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With its recent enactment of the Supreme Court Act 2003, the New Zealand Parliament has abolished New Zealand appeals to the Judicial Committee of the Privy Council. This change will present very real options for New Zealand's new final Court as to where it will steer the development of New Zealand's domestic jurisprudence. The Privy Council has provided coherence and, to a high degree, consistency of developing principle across state boundaries. Its value for the international rule of law has had a symbolic importance internationally that transcends the objective significance of particular decisions. The final courts of the Commonwealth, the Supreme Court of New Zealand among them, should strive deliberately, not only to identify and do full justice to the identity and values of their own people, but to maintain and develop an ever-improving international jurisprudence within the domestic law of the sovereign states. The shared, largely common law tradition of Commonwealth members should facilitate a trend that the world community badly needs.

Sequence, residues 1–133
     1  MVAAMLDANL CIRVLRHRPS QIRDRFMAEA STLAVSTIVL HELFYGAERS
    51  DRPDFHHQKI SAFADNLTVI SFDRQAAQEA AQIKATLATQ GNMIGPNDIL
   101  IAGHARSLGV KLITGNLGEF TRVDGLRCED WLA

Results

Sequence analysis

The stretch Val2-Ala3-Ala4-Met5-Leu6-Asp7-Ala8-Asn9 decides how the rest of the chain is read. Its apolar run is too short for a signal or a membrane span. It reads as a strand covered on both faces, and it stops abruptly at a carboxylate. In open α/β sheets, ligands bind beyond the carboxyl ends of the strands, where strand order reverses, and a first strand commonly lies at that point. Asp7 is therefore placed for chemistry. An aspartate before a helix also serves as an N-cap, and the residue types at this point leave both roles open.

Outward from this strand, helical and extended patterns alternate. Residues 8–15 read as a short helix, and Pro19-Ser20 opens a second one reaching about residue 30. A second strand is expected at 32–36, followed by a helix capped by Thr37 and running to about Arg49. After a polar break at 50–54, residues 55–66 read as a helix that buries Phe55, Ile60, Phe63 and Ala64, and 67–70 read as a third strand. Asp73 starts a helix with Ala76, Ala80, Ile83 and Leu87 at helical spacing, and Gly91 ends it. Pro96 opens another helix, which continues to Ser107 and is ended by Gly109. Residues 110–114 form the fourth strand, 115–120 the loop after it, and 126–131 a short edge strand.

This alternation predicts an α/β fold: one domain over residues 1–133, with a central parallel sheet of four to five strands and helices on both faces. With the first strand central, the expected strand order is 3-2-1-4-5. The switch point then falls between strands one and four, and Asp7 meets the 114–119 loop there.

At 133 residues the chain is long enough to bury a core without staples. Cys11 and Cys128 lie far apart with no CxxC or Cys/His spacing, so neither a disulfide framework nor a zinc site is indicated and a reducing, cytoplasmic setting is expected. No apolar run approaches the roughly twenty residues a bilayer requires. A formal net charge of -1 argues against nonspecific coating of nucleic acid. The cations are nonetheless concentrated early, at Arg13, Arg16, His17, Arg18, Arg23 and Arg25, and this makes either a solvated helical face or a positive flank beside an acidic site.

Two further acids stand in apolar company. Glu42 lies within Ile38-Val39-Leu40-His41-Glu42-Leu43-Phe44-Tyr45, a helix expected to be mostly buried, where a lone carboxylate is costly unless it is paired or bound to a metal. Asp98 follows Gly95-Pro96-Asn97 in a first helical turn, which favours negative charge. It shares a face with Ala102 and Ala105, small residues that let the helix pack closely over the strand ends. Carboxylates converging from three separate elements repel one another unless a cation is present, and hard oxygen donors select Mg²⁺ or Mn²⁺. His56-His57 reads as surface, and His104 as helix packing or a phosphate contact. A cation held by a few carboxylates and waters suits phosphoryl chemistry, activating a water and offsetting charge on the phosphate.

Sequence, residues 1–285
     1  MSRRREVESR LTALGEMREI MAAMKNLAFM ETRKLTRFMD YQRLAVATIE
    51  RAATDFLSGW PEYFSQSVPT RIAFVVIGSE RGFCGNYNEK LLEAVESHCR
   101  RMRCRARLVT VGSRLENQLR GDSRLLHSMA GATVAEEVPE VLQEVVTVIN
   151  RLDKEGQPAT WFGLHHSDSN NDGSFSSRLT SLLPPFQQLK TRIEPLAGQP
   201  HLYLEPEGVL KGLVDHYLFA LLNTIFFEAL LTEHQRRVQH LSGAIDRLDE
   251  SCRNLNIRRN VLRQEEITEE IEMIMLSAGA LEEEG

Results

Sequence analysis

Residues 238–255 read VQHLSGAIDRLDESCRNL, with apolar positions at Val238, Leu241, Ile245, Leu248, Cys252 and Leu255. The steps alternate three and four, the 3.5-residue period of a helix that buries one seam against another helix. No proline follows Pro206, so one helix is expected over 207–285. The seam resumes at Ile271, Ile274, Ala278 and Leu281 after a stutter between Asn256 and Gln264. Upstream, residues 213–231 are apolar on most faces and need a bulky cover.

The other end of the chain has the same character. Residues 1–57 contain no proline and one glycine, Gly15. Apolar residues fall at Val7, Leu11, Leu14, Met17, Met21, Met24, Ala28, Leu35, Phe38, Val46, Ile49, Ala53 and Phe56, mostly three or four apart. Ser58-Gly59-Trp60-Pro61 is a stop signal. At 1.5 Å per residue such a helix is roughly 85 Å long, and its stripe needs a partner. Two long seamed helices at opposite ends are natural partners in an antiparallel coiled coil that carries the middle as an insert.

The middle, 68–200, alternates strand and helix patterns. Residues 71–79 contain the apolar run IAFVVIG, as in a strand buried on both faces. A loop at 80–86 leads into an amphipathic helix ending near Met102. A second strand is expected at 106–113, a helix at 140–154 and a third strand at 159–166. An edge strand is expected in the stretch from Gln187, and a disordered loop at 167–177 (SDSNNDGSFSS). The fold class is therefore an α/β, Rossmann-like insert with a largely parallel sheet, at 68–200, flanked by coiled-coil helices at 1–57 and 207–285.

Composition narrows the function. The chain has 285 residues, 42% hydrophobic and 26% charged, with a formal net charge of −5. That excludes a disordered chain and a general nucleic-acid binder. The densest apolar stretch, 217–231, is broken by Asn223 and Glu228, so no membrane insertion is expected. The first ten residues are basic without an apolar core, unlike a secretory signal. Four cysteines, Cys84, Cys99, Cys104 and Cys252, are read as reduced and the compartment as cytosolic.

Document Type: Research Article
Publication date: January 1, 2003
More about this publication?
The Oxford University Commonwealth Law Journal (OUCLJ) is the flagship journal of Oxford University's postgraduate law community, produced under the aegis of the Law Faculty. It is published twice-yearly and endeavours to foster international academic debate and exchange on a wide range of legal topics of interest throughout the Commonwealth.